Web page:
After centuries of foreign rule and years of internal conflict, Sri Lanka is now changing its focus to reforming the nation’s political and economic spheres to exert its renewed influence in the region and become an independent, global player. Now is the time to see if Sri Lanka has the will to implement challenging reforms and take its place on the international stage.
Sri Lanka’s first inhabitants were hunter-gatherers who likely crossed a land bridge from India and formed the first definitive settlement around 28,000 BCE. The land bridge, which later disappeared around 5000 BCE, allowed humans and their ancestors to come and go, with early Stone Age tools found on the island dating as far back as 125,000 years. By 900 BCE megalithic culture, and both the Indo-Aryan and Dravidian languages began to emerge in proximity to India, while Anuradhapura, an ancient city in the island’s interior, began to bud as a population centre.
Buddhism came from India in the 3rd century BCE, which is considered the real origin of Sinhalese culture. Buddhist scholars of the era recorded much of the early history of Sri Lanka, with politics and religion intertwining throughout the island’s history. When the Tooth Relic of Buddha arrived in Anuradhapura in 371 CE, the city was one of the largest in South Asia.
The Anuradhapura Kingdom frequently fought with other dynasties on the island in a series of power struggles – including kingdoms in South India – and was later left for a new location in Polonnaruwa, which survived for two centuries. Following its abandonment, Sinhalese culture shifted south, founding the major dynasties of Kandy and Kotte, while Tamil kingdoms, notably Jaffna, grew in the north. By the 13th century a vast jungle interior and the spread of malaria to the country’s dry zone forced a separation that would divide the country through to its civil war in 1983.
While Arab traders had been present in Sri Lanka before the 7th century CE, the Portuguese arrival in 1505 – on the trail of an increasingly lucrative spice trade – brought a significant shift in Sri Lanka’s affairs. With the demise of the Jaffna and Kotte kingdoms at the hands of the Portuguese, the Kingdom of Kandy served as the central resistance and protector of the Buddhist faith for three centuries.
In 1602 the Dutch arrived, ousting the Portuguese by 1658 and obtaining a monopoly on the island’s spice trade from Kandy in exchange for notional Sri Lankan autonomy. The Dutch remained in power for 140 years, until 1796, when they ceded control to England. In 1802 Ceylon became an official colony, and by 1815 the British had conquered Kandy, abolishing the island’s monarchy in the process. This was the first time in the island’s history that the entire country was dominated by a single foreign power.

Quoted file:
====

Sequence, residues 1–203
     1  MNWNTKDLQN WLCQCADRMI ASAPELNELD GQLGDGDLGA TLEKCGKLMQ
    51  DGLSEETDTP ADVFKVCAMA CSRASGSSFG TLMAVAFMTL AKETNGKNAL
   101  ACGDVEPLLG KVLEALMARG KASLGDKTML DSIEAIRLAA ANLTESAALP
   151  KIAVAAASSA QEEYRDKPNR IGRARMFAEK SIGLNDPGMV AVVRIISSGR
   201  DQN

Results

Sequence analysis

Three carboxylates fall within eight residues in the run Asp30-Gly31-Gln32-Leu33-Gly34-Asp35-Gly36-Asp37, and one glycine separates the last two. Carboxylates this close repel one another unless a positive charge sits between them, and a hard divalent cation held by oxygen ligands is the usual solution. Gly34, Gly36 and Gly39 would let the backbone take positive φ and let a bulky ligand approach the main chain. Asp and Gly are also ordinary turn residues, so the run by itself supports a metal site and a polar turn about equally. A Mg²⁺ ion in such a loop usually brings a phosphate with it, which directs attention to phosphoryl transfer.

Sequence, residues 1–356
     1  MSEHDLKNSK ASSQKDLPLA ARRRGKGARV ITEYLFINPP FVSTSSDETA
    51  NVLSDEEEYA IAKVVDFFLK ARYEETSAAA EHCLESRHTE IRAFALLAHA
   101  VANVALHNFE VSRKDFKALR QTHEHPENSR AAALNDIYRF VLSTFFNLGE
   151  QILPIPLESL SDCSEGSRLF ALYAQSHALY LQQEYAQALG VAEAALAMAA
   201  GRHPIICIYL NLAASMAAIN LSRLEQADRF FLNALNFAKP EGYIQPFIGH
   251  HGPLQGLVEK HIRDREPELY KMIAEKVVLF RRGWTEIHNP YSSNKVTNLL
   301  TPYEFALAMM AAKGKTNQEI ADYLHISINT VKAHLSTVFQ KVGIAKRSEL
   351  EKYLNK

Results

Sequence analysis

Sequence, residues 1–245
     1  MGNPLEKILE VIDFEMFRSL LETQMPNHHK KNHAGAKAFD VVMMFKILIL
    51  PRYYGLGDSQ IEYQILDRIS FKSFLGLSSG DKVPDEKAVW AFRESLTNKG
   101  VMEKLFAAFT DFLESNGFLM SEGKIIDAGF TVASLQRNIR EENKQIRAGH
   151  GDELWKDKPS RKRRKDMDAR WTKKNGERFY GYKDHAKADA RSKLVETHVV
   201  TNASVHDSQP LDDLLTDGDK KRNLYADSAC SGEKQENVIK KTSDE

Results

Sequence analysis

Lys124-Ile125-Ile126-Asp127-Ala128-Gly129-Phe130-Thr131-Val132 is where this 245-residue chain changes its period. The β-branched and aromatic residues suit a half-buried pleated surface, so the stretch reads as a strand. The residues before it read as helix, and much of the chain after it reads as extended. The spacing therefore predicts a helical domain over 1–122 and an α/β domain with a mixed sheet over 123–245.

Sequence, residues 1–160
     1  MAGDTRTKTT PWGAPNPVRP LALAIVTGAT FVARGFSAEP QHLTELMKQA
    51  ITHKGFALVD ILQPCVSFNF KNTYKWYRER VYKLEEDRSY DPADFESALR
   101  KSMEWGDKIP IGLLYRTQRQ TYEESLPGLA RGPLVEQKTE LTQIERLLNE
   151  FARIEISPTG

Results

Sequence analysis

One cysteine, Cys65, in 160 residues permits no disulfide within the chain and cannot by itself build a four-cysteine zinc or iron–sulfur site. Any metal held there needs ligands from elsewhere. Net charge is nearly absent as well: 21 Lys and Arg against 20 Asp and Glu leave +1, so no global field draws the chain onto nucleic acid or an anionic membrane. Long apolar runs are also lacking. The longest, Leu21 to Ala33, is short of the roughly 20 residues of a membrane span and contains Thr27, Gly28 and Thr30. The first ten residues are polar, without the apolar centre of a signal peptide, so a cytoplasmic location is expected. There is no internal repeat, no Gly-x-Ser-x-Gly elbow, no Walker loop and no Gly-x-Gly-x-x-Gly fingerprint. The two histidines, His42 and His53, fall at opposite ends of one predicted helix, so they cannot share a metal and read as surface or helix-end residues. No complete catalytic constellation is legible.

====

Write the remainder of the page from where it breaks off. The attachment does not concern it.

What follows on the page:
By the 1830s, drawn by plantation land, settlers were arriving and often imported Indian-born Tamil plantation labour to grow crops of coconut, coffee and rubber. In the 1870s the island’s entire coffee crop was destroyed by fungus, forcing a shift to tea, which today is by far the country’s most important export crop.
While Ceylonese participation in government began at a relatively early stage, it was not until the beginning of the 20th century that the country’s Buddhist and Hindu populations began to call for greater representation. Constitutional changes in the 1920s and 1930s gradually allowed more Sinhalese power-sharing and full universal suffrage. Sri Lanka gained self-government in 1946, followed by full independence on February 4, 1948 – just six months after India achieved the same.
A new constitution in 1972 effectively made Sri Lanka a republic, and changed the country’s name from its former title of Ceylon. In 1978 the country established its executive presidency under a revised constitution. During this period, increased spending on welfare brought improvements to heath care and education, indicators which remain high to this day. However, a wave of nationalist policy-making contributed to an overall slowdown of the economy, which had lasting implications. Sri Lanka lost much of its tea market in the UK, while large swathes of its Burgher population migrated to Australia.
Under British rule, Tamils were favoured for government jobs and university postings, and quickly became more proficient English speakers, causing resentment from the country’s Sinhalese population. The rise of nationalist politics under successive administrations played on the fear that Sinhalese religion, language and culture could be overshadowed by the Indians and Sri Lankan Tamils, who shared certain aspects of cultural identity. A Sinhala-only bill overtly disenfranchised the Hindu and Muslim minority populations, while making Sinhalese the official language of the country.
The conservative United National Party and more liberal Sri Lanka Freedom Party (SLFP) have been at the forefront of politics since independence. Each party in power has, at times, arranged coalitions with smaller parties, the strongest of which is the SLFP-led United People’s Freedom Alliance. Today the Buddhist clergy and labour unions maintain heavy influence in political dialogue and decision-making.
The executive branch of government consists of a president, who functions as both chief of state and head of government; a prime minister, who is appointed by the president; and a Cabinet appointed by the president in consultation with the prime minister. The president is directly elected by preferential majority popular vote to a maximum of two six-year terms. He or she concurrently serves as commander-in-chief of the armed forces and retains the ability to dissolve Parliament.